- P. E. Purdue, M. J. Lumb, M. Fox et al., “Characterization and chromosomal mapping of a genomic clone encoding human alanine: glyoxylate aminotransferase,” Genomics, vol. 10, no. 1, pp. 34–42, 1991.
- J. Mistry, C. J. Danpure, and R. A. Chalmers, “Hepatic D-glycerate dehydrogenase and glyoxylate reductase deficiency in primary hyperoxaluria type 2,” Biochemical Society Transactions, vol. 16, no. 4, pp. 626–627, 1988.
- G. Rumsby and D. P. Cregeen, “Identification and expression of a cDNA for human hydroxypyruvate/glyoxylate reductase,” Biochimica et Biophysica Acta, vol. 1446, no. 3, pp. 383–388, 1999.
- S. D. Cramer, P. M. Ferree, K. Lin, D. S. Milliner, and R. P. Holmes, “The gene encoding hydroxypyruvate reductase (GRHPR) is mutated in patients with primary hyperoxaluria type II,” Human Molecular Genetics, vol. 8, no. 11, pp. 2063–2069, 1999.
- R. Belostotsky, E. Seboun, G. H. Idelson et al., “Mutations in DHDPSL are responsible for primary hyperoxaluria type III,” American Journal of Human Genetics, vol. 87, no. 3, pp. 392–399, 2010.
- C. J. Danpure, “Primary hyperoxaluria,” in The Metabolic and Molecular Bases of Inherited Disease, C. R. Scriver, A. Beaudet, W. S. Sly et al., Eds., vol. 2, pp. 3323–3367, McGraw-Hill, New York, NY, USA, 2001.
- B. Hoppe, B. B. Beck, and D. S. Milliner, “The primary hyperoxalurias,” Kidney International, vol. 75, no. 12, pp. 1264–1271, 2009.
- X. Zhang, S. M. Roe, Y. Hou et al., “Crystal structure of alanine:glyoxylate aminotransferase and the relationship between genotype and enzymatic phenotype in primary hyperoxaluria type 1,” Journal of Molecular Biology, vol. 331, no. 3, pp. 643–652, 2003.
- M. P. S. Booth, R. Conners, G. Rumsby, and R. L. Brady, “Structural basis of substrate specificity in human glyoxylate reductase/hydroxypyruvate reductase,” Journal of Molecular Biology, vol. 360, no. 1, pp. 178–189, 2006.
- P. Cochat, A. Deloraine, M. Rotily, F. Olive, I. Liponski, and N. Deries, “Epidemiology of primary hyperoxaluria type 1,” Nephrology Dialysis Transplantation, vol. 10, no. 8, pp. 3–7, 1995.
- N. Kopp and E. Leumann, “Changing pattern of primary hyperoxaluria in Switzerland,” Nephrology Dialysis Transplantation, vol. 10, no. 12, pp. 2224–2227, 1995.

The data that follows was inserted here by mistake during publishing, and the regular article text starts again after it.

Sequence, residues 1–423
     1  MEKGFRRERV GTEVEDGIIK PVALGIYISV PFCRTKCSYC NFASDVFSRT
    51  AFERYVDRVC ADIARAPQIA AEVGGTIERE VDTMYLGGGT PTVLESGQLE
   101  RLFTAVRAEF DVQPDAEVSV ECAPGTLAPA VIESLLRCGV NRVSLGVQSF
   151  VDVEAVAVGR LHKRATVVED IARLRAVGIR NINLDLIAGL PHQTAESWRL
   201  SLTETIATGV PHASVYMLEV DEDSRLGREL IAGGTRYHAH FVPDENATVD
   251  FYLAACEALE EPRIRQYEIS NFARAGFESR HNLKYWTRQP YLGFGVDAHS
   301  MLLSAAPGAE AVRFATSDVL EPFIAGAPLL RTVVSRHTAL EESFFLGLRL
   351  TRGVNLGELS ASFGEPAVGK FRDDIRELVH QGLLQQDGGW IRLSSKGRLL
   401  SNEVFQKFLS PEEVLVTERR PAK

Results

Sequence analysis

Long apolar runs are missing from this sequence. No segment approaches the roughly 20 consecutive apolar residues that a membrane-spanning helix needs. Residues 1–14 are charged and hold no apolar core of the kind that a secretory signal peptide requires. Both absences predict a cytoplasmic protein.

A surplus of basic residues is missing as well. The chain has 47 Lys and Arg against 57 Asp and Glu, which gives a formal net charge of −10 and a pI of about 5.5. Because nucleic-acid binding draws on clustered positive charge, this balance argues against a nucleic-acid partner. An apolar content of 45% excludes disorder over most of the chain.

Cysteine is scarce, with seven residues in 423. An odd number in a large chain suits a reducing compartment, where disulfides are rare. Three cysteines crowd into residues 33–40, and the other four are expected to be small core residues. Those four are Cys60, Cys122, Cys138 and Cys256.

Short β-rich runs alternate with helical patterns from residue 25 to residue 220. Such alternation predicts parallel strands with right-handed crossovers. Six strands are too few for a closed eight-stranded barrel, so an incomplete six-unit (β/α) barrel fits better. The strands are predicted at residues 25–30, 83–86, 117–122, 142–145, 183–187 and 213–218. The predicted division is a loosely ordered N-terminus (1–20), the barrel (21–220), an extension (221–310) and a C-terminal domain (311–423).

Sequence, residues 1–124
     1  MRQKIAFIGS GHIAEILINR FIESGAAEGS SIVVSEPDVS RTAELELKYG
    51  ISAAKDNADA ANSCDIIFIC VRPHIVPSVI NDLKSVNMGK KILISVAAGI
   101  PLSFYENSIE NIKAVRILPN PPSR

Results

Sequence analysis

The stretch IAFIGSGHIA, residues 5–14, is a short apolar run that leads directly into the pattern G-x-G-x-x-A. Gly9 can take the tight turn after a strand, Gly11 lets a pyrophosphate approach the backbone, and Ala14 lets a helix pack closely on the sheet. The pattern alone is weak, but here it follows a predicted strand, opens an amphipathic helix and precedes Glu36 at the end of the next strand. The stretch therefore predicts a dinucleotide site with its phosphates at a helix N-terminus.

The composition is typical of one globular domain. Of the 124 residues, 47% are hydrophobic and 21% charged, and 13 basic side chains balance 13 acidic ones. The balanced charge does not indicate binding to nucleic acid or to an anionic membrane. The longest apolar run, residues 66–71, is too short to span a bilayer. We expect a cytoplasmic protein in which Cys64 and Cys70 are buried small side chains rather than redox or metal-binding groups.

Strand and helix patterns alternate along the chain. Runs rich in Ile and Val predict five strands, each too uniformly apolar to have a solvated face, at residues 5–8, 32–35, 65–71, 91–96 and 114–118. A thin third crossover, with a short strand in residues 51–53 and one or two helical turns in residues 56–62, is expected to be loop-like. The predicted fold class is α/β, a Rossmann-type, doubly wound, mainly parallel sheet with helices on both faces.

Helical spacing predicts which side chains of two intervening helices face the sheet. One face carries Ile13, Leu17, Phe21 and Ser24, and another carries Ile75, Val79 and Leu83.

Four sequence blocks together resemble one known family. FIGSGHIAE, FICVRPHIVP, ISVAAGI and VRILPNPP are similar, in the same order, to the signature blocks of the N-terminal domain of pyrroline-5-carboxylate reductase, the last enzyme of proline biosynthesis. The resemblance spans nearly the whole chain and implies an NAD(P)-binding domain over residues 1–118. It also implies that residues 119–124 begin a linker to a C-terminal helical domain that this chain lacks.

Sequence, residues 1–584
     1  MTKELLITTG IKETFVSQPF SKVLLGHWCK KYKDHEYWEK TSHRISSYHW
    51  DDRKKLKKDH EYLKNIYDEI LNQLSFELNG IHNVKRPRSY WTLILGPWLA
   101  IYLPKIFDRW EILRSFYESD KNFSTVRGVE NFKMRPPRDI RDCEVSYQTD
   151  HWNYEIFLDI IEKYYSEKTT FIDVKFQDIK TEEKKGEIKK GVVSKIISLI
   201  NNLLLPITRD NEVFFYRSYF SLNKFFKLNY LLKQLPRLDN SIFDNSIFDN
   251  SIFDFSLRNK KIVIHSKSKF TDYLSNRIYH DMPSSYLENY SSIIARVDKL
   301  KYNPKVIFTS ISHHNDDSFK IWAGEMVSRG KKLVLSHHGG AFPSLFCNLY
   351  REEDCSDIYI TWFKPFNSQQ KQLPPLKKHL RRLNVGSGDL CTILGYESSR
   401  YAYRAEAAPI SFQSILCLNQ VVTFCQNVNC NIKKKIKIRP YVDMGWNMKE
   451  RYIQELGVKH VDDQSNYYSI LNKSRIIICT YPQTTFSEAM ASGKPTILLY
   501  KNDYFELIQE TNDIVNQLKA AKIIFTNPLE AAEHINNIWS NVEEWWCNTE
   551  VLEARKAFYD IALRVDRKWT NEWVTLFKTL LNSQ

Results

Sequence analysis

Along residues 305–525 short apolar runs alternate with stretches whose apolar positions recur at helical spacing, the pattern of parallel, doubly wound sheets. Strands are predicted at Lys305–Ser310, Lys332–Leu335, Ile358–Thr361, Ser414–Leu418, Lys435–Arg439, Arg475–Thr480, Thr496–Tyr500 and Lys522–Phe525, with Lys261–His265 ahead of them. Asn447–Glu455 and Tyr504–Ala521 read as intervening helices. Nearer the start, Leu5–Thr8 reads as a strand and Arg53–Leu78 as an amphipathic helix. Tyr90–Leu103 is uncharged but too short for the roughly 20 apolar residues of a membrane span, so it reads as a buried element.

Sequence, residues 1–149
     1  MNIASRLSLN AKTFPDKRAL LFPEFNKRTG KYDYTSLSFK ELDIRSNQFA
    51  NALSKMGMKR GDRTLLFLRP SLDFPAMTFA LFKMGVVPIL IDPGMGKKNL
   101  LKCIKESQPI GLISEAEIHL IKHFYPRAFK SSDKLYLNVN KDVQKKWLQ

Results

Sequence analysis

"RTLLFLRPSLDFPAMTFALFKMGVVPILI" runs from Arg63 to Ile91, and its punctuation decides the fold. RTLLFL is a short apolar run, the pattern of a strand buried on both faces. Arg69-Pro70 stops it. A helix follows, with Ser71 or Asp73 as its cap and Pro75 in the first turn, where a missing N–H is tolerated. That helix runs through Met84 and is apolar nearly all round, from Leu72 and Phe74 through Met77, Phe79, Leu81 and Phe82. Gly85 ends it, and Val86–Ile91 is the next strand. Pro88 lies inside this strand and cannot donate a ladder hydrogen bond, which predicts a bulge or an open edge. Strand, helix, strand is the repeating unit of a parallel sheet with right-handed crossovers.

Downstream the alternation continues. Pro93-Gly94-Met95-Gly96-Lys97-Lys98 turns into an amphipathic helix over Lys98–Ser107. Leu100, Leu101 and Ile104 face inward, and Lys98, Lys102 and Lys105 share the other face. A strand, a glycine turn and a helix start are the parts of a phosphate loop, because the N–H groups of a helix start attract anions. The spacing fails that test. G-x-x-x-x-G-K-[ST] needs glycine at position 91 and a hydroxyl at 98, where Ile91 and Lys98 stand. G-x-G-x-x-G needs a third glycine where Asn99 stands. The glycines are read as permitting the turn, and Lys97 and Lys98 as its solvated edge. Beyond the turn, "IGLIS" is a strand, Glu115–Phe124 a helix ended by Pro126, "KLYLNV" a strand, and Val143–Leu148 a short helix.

- C. S. van Woerden, J. W. Groothoff, R. J. A. Wanders, J. C. Davin, and F. A. Wijburg, “Primary hyperoxaluria type 1 in The Netherlands: prevalence and outcome,” Nephrology Dialysis Transplantation, vol. 18, no. 2, pp. 273–279, 2003.
- V. Lorenzo, A. Alvarez, A. Torres, V. Torregrosa, D. Hernández, and E. Salido, “Presentation and role of transplantation in adult patients with type 1 primary hyperoxaluria and the I244T AGXT mutation: single-center experience,” Kidney International, vol. 70, no. 6, pp. 1115–1119, 2006.
- North American Pediatric Renal Trials and Collaborative Studies (NAPRTCS) Annual Report, The EMMES Corporation, Rockville, Md, USA, 2010.
- M. Lewis, J. Shaw, C. Reid, J. Evans, N. Webb, and K. Verrier-Jones, “Demography and management of childhood established renal failure in the UK (chapter 13),” Nephrology, Dialysis, Transplantation, vol. 22, pp. vii165–175, 2007.
- S. Hattori, K. Yosioka, M. Honda, and H. Ito, “The 1998 report of Japanese National Registry data on pediatric end-stage renal disease patients,” Pediatric Nephrology, vol. 17, no. 6, pp. 456–461, 2002.
- A. A. Al-Eisa, M. Samhan, and M. Naseef, “End-stage renal disease in Kuwaiti children: an 8-year experience,” Transplantation Proceedings, vol. 36, no. 6, pp. 1788–1791, 2004.
- A. Kamoun and R. Lakhoua, “End-stage renal disease of the Tunisian child: epidemiology, etiologies, and outcome,” Pediatric Nephrology, vol. 10, no. 4, pp. 479–482, 1996.
- M. Marangella, C. Vitale, M. Petrarulo et al., “Bony content of oxalate in patients with primary hyperoxaluria or oxalosis-unrelated renal failure,” Kidney International, vol. 48, no. 1, pp. 182–187, 1995.
- C. Toussaint, A. Vienne, L. De Pauw et al., “Combined liver-kidney transplantation in primary hyperoxaluria type 1: bone histopathology and oxalate body content,” Transplantation, vol. 59, no. 12, pp. 1700–1704, 1995.
- D. L. Day, J. I. Scheinman, and J. Mahan, “Radiological aspects of primary hyperoxaluria,” American Journal of Roentgenology, vol. 146, no. 2, pp. 395–401, 1986.
- E. Ring, H. Wendler, M. Ratschek, and G. Zobel, “Bone disease of primary hyperoxaluria in infancy,” Pediatric Radiology, vol. 20, no. 1-2, pp. 131–133, 1989.
- D. Fisher, N. Hiller, and A. Drukker, “Oxalosis of bone: report of four cases and a new radiological staging,” Pediatric Radiology, vol. 25, no. 4, pp. 293–295, 1995.
- B. Behnke, M. J. Kemper, H. P. Kruse, and D. E. Müller-Wiefel, “Bone mineral density in children with primary hyperoxaluria type I,” Nephrology Dialysis Transplantation, vol. 16, no. 11, pp. 2236–2239, 2001.
- J. Bacchetta, S. Fargue, S. Boutroy et al., “Bone metabolism in oxalosis: a single-center study using new imaging techniques and biomarkers,” Pediatric Nephrology, vol. 25, no. 6, pp. 1081–1089, 2010.
- J. Harambat, S. Fargue, C. Acquaviva et al., “Genotype-phenotype correlation in primary hyperoxaluria type 1: the p.Gly170Arg AGXT mutation is associated with a better outcome,” Kidney International, vol. 77, no. 5, pp. 443–449, 2010.
- T. Takayama, M. Nagata, A. Ichiyama, and S. Ozono, “Primary hyperoxaluria type 1 in Japan,” American Journal of Nephrology, vol. 25, no. 3, pp. 297–302, 2005.
- P. Cochat, P. C. Koch Nogueira, M. Ayman Mabmoud, N. V. Jamieson, J. I. Scheinman, and M. O. Rolland, “Primary hyperoxaluria in infants: medical, ethical, and economic issues,” Journal of Pediatrics, vol. 135, no. 6, pp. 746–750, 1999.